A recent report analyzes the attitudes entrepreneurs have in six different countries: the United Kingdom, the United States, the Netherlands, Germany, France and Spain. According to Sys-Con Media, although business hasn’t been at its best, most entrepreneurs are still optimistic.
Forty three percent reported negative or no growth in revenue last year. Despite this performance and the general economic climate, 47% of all respondents were optimistic about the year ahead for their business, against 26% who were not and 27% who were not sure. The Germans and Dutch were the most optimistic, the British and Spanish the least.
The main motive for going into business was to be one’s own boss, rather than to make money. Sixty two percent defined business success as affording a comfortable lifestyle. Average working hours were 42.5 hours per week (suggesting an increase of two hours since February 2010). The Germans worked longest (average 46.9 hours) and the British worked shortest (39.4 hours). The most frequent lunchtime choice was a working lunch or sandwich at the desk. The Germans were most likely to skip lunch altogether (20%) – the Dutch and the French were least likely (6% and 7%). Forty three percent said that the economic downturn had caused them greater stress. The Spanish (60%) were the most stressed, the Dutch (26%) were the least. Nearly three in ten (29%) reported sleep problems (led by the French). But 28% said that the crisis had made them more determined to succeed, and 29% said it had made them work more efficiently.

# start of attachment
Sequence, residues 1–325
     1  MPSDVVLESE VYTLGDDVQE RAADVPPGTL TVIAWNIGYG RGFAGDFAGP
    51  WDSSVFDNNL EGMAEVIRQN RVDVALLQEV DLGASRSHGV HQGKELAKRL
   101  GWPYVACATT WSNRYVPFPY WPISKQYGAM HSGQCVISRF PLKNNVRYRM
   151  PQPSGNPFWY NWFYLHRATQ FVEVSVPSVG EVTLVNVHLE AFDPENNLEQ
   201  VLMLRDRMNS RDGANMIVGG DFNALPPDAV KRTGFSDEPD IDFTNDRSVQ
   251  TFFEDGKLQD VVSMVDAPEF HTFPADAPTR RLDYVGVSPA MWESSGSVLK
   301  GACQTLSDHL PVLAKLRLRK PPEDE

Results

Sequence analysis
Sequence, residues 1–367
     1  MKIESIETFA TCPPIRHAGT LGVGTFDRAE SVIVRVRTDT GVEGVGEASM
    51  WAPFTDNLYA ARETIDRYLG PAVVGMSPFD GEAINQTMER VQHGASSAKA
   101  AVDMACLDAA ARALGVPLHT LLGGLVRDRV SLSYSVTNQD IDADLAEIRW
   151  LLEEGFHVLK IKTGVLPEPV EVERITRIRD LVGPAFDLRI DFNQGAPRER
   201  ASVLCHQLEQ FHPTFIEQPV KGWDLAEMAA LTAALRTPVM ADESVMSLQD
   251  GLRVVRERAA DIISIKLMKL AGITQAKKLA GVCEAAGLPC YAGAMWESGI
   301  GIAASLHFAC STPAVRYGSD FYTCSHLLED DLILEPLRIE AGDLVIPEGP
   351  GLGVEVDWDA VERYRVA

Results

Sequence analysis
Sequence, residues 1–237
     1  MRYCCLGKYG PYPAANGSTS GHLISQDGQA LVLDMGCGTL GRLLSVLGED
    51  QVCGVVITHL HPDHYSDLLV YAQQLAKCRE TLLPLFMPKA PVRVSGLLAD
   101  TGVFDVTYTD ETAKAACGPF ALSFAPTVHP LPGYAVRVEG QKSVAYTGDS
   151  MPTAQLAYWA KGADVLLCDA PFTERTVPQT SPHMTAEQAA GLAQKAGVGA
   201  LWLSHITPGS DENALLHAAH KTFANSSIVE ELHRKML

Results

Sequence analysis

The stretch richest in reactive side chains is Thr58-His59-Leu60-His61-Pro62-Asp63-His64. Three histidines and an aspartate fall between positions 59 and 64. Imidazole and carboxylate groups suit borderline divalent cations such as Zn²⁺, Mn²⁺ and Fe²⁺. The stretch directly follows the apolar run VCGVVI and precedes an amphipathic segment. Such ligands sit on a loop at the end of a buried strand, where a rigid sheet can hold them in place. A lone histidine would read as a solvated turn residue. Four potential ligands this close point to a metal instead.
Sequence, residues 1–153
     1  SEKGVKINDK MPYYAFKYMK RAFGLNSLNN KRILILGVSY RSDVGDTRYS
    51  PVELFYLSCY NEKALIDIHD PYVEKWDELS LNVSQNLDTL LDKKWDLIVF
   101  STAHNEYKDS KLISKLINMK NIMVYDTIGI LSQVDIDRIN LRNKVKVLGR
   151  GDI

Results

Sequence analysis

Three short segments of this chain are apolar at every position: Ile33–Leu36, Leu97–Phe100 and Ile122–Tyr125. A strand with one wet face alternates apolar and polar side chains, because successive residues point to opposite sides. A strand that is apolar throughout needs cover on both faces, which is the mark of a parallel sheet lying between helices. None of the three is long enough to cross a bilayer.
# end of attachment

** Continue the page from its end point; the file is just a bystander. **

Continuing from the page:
Photo by Kevin Dooley
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